- South Korea’s President Moon Jae-in has presided over some of the most tense nuclear negotiations in history, and his time in government has taken a toll on his health.
- Specifically, Moon worked so hard that he lost 12 teeth due to stress, a South Korean ambassador told Business Insider Poland.
- South Koreans work famously long and hard hours, and Moon’s stress is shared by many others in the country, some of whom work themselves to death in a growing epidemic.
South Korea’s President Moon Jae-in has presided over a historic warming of relations with its nuclear neighbor, North Korea, as well as some of the most high-stakes nuclear and military negotiations in history.
But the pressure of work life in Seoul caused him to lose many of his teeth due to stress, and that’s not altogether unsurprising in high-profile jobs in South Korea.
Business Insider Poland’s Rafał Tomański spoke with South Korea’s ambassador in Warsaw, Mira Sun, who described the epically fraught pace of government work in Seoul.
Sun, in her first interview with foreign press in 12 years, told Tomański that while she worked as the foreign press spokesperson for former South Korean President Roh Moo-hyun, she got to know Moon fairly well.
“Our terms overlapped a little over a year, and he became the chief of staff of President Roh around when I left the president’s office. When I started working at the Blue House, I was told that presidential secretary is a demanding job, both mentally and physically, and one may last about a year and a half," Said Sun, referring to the South Korean president’s residence by its colloquial name.
For reference, South Korean presidential terms last five years, but Sun was told to expect she’d only last one year.
"Teeth implants is one sign of how demanding it is," Sun continued. "President Moon had 10 teeth pulled out at once while working for President Roh, and later two more as the president," she said. "I did not lose any teeth and my colleagues teased me that I apparently did not work hard enough."
South Koreans notoriously work hard, sometimes to the point of working themselves to death. South Koreans on average work more hours per year than any country besides Mexico, clocking 2,113 work hours a year to the US’s average of 1,779, according to Forbes.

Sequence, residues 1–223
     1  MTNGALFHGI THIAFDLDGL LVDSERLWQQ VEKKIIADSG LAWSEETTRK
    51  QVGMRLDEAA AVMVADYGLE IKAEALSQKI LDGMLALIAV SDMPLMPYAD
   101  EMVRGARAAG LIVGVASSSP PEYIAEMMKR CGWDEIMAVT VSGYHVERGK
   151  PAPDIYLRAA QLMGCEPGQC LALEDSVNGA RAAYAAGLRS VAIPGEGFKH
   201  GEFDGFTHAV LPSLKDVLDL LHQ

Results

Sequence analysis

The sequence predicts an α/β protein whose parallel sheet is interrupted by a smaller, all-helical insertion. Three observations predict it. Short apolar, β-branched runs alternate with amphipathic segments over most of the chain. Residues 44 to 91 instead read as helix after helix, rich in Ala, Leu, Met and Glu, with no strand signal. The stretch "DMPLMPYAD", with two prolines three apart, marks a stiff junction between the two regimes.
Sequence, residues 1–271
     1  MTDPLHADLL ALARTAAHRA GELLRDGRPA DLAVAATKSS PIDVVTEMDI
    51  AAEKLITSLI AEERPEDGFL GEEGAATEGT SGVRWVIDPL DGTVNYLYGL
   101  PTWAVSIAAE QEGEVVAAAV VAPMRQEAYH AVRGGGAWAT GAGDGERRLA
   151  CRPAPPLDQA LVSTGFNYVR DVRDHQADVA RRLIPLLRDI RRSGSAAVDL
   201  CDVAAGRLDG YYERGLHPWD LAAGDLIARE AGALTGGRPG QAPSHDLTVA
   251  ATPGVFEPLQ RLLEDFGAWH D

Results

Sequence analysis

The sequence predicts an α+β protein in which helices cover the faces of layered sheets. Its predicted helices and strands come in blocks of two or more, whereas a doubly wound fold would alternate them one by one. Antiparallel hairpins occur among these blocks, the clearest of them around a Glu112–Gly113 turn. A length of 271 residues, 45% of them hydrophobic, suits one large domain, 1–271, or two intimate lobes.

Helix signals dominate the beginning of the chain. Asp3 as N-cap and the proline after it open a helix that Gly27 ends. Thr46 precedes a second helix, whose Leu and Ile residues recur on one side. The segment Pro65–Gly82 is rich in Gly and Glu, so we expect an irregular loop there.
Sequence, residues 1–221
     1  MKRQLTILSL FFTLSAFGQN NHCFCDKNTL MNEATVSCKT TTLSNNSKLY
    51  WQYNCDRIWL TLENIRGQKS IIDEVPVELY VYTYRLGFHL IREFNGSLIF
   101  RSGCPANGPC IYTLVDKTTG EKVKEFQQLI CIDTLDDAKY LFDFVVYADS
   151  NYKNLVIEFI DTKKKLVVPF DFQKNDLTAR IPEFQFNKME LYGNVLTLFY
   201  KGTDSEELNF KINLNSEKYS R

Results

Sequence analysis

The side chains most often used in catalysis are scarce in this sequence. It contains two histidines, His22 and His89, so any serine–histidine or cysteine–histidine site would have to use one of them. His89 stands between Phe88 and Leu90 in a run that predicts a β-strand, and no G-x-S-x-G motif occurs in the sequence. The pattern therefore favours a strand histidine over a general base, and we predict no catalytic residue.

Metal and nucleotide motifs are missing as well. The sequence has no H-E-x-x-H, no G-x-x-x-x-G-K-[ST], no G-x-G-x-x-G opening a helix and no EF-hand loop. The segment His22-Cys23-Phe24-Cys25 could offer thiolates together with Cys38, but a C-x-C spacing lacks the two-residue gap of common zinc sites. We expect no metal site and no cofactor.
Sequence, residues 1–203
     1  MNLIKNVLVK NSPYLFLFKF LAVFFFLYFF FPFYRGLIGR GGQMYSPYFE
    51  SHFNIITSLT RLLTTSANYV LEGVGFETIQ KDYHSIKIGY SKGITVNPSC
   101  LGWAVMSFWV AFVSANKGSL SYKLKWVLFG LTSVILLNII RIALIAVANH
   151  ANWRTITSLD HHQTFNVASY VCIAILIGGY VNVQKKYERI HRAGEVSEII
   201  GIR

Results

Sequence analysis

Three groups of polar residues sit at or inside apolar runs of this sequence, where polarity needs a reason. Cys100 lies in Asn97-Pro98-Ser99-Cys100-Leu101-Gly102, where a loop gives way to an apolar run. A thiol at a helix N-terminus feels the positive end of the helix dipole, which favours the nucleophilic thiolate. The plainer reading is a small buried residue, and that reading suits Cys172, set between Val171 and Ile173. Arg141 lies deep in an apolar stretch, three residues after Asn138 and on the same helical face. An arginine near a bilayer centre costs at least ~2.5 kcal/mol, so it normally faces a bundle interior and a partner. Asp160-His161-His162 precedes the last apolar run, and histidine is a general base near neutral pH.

Experts blame a cultural embrace of hard work and poor information about workers’ rights for the lethal hours put in by South Koreans. While South Korea’s economy has advanced past manufacturing, technology keeps workers plugged in around the clock.
Business Insider consulted a dentist about the impact of stress on dental health, and found out that while stress may not outright or directly cause the loss of teeth, it can contribute. Under extreme stress, people may grind their teeth, stop caring for their teeth as much, and stand at greater risk of gum disease.
All of these factors can contribute to the loss of teeth.
Reuters/Pyeongyang Press Corps
In her interview with Tomański, Sun depicted Moon as a tireless worker who sprang to action on any task.
"In 2011, President Moon Jae-in, who at that time was a respected lawyer, was to give a first foreign press interview with Reuters— and I was asked to be his interpreter," said Sun.
"The reporter was looking for a socket to plug in his laptop computer and could not find one anywhere. In a room with several people, no one noticed that except for President Moon. Dressed in an elegant suit, he quietly got down on all fours to look for a socket. When he found one buried on the floor, he took the plug, connected the computer, brushed off his knees, sat down, and asked for the first question."
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